Hyde Name Origins.

The name "HYDE" is derived from the hide, a measure of land for taxation purposes, taken to be that area of land necessary to support a peasant family. In later times it was taken to be equivalent to 120 acres .
March 2014
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Sunday, 26 September 2010

Hyde In War Time (1914-16) Page 33

Patriotism Of The Police Force
Splendid Loyalty Of The Police Force

We have already referred to the immediate calling up of two members of the Hyde Police Force, Constables Howland and Wilkinson, as Army  Reservists. On Monday, 9th November, 1914, eight members of the Force, having decided to enlist in a body were paraded before the Borough Magistrates in the new Court Room in  Corporation Street. 

The eight members were :

  1. Acting Sergeant Smith, who had put in eight years’ police service, and who had two brothers serving with the colours.
  2. Constable Wood, no less than 14 years’ police service, but in spite of this fact insisted on going.
  3. Constable Allen, three years’ police service.
  4. Constable Lilley, who had five brothers gone.
  5. Constable Lambert, who in the words of the Chief Constable, “thought his family ought to be represented.”
  6. Constable Dickenson, who was “in a similar position.”
  7. Constable Bradbury, who had two brothers gone.
  8. Constable Butler, who had one brother gone


It was intimated by Alderman Sherry Chairman of the Watch Committee, that the positions of the men in the Force would be kept open for them.

Hyde Policeman’s Stirring Story.

We have already stated that among the Hyde Reservists to be called up at the beginning of the war was Bombardier Wilkinson of the R.F.A., a member of the Hyde Police Force. Wilkinson was in some of the early severe fighting in Belgium and Northern France, and his description of what he saw, and of thrilling incidents in which he figured, are worth recording in permanent form. His story was contained in two letters addressed to the Chief of Hyde Police Force, Mr. J. W. Danby. The first was dated October 10th, the second October 23rd, 1914. In the first, Bombardier Wilkinson told of advancing over ground they had already fought on (presumably in the retreat from Marnes; of seeing heaps of dead  on every side; of tables spread out in a garden, with broken bottles and glasses littered about the ground in confusion. Every house had been looted by the Germans in their first onslaught, when attempting to reach Paris, an attempt that failed just at the moment it looked likely to succeed, when the Huns had got within a very few miles of the French capital. All the furniture, the Bombardier stated had been thrown on the streets. The Germans were retreating so rapidly that they did not have time to bury their dead, whose bodies were lying in ditches by the roadside, the French people burying hem after the British Forces had passed through. “We came across some of the graves of our men; one had a cross over the head, made out of a biscuit box, and bearing these words, “Eight English Artillerymen buried here.’ The grave was nicely arranged, with fresh flowers which had been placed there by peasants.”. The gallant Bombardier further related that the British had just taken a town which the Germans had held for three days. “We were  shelling it for a whole day, and covering the advance of the Yorkshire Regiment, who, at eleven p.m., had the order to take it at the point of the bayonet, which we did, without  a great number of casualties. When  we arrived in the town the people cried for joy, but the sight was terrible. All the windows were smashed, and doors had been burst open by shells. Dead and wounded were all over the place. Only one part of town was damaged; the other part was left after the enemy had demanded a very heavy ransom, which they were obliged to pay. We had a very good half-day in the town. The people give us jugs of beer, wine, biscuits, fruit, tobacco, and bread and butter in plenty.”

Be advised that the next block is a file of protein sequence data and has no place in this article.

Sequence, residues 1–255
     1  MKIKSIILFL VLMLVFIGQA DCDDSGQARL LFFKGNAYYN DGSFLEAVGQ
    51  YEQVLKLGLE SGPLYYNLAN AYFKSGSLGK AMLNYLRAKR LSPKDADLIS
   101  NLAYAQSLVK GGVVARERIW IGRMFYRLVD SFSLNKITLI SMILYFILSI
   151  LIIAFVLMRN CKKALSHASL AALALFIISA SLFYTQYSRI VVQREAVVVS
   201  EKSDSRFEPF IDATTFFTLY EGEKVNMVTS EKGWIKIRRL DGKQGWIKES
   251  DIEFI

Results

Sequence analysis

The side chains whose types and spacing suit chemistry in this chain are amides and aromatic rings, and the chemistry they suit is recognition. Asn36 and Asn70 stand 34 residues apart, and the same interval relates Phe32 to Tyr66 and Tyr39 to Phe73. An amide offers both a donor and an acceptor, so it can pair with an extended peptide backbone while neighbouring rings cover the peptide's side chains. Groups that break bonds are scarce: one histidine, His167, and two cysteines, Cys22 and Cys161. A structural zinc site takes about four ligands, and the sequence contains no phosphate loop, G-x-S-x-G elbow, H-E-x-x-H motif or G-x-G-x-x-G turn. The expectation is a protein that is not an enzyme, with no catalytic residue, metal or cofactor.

A Gruesome Discovery

In his second message dated October 23rd, Bombardier Wilkinson related how he and his comrades had had to stand to their guns under heavy rain of German missiles. What they dreaded most, he said, were the Krupp guns. Only the previous day the enemy located his Battery, and commenced firing shells weighing 120lbs. Apiece. One of these shells, he observed, “creates a hole large enough to hold a Maypole wagon.” Sixty shells were fired by the enemy, and one dropped only yards from Wilkinson, who was covered with dirt and smoke, but was not hit by a pieces of the shell. On another day, while the Bombardier was sitting in a ditch, resting and enjoying a smoke, close by a horse with a nose-bag on, he quite unsuspectingly commenced to pull at some straw under him, when he found his fingers on the face of a dead German. On further investigation, he discovered that the ditch was full of the enemy’s dead. 

Bombardier Wilkinson, with the exception of one or two brief  periods, has been in the zone of fire since Sir John French’s original Expeditionary Force set foot on French and Belgian soil, and at the end of 1915 he was still there.

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